ABCs of WSIB
The first step is understanding the WSIB system; the second is implementing best practices to contain costs.
To some employers, a Workplace Safety and Insurance Board (WSIB) document looks like a random jumble of letters – LOE, NEL, WT, PI – and it’s further complicated by confusing medical terminology. Misunderstanding or mishandling a WSIB matter will be costly, but the good news is taking charge need not be intimidating.
In Ontario, workers’ compensation is a compulsory, no-fault insurance program administered by the province. The trade-off is that a worker forgoes the right to sue the employer for damages arising from a workplace injury, but receives benefits from a system that does not consider the fault of the employer or its ability to pay. The employer contributes premiums and is insulated from potentially crippling liability.
An employer is required to report every workplace accident and illness to the WSIB if health care is required; or if either the accident or illness results in the worker not being able to earn full wages because of lost time due to absence, working partial hours or performing modified work. WSIB policy also requires an employer to report if a worker requires modified duties for more than seven calendar days, but only received first aid instead of health care. Thereafter, a worker has six months to claim WSIB benefits.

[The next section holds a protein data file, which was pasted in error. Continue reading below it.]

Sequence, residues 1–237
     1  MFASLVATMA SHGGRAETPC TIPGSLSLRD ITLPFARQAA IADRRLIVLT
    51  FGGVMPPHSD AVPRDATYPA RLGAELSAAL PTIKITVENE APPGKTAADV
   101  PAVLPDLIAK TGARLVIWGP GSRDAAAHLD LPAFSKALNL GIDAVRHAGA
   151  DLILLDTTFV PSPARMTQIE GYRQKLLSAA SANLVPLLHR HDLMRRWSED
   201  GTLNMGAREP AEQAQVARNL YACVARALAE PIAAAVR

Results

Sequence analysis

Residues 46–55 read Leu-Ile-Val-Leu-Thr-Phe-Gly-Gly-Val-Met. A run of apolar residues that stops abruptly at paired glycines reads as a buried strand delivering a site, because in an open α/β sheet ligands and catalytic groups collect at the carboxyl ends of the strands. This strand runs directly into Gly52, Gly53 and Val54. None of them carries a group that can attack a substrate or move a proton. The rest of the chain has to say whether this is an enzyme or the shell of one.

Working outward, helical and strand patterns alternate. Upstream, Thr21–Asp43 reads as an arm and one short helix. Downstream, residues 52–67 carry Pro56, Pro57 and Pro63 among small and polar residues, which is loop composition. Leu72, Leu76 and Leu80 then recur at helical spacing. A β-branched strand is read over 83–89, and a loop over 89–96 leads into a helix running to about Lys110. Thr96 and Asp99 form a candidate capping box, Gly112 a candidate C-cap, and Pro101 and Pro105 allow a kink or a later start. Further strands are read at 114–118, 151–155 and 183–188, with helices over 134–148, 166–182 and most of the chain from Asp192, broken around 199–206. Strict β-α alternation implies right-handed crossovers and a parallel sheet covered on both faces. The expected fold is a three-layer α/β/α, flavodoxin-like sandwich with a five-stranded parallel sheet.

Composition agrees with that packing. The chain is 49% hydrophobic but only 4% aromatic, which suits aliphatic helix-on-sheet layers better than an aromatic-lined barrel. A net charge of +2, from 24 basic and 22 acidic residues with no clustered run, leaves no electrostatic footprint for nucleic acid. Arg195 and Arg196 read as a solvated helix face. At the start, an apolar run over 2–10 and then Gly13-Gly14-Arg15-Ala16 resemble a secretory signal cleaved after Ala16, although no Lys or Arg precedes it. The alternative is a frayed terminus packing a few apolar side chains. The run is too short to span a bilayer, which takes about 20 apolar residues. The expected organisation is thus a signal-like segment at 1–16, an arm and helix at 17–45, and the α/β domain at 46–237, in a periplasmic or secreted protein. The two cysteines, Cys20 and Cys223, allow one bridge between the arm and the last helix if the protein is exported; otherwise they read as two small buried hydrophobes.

The WSIB evaluates a claim to determine whether to allow initial entitlement, which is generally granted to a worker that suffers a personal injury “arising out of and in the course of employment.” This involves the time of the injury (work hours or off-duty), the place (workplace or elsewhere) and nature of the activities being performed (was the activity necessary or incidental to the worker’s employment?).
Granting initial entitlement opens the gateway for the worker to receive a wide range of benefits and services including:
• Loss of earning benefits (LOE). Awarded if a worker’s earnings decrease as a result of his/her injury or illness.
• Healthcare benefits. Covers healthcare services, prescription drugs, medical devices, orthotics and travel expenses associated with receiving treatment for a workplace injury or illness.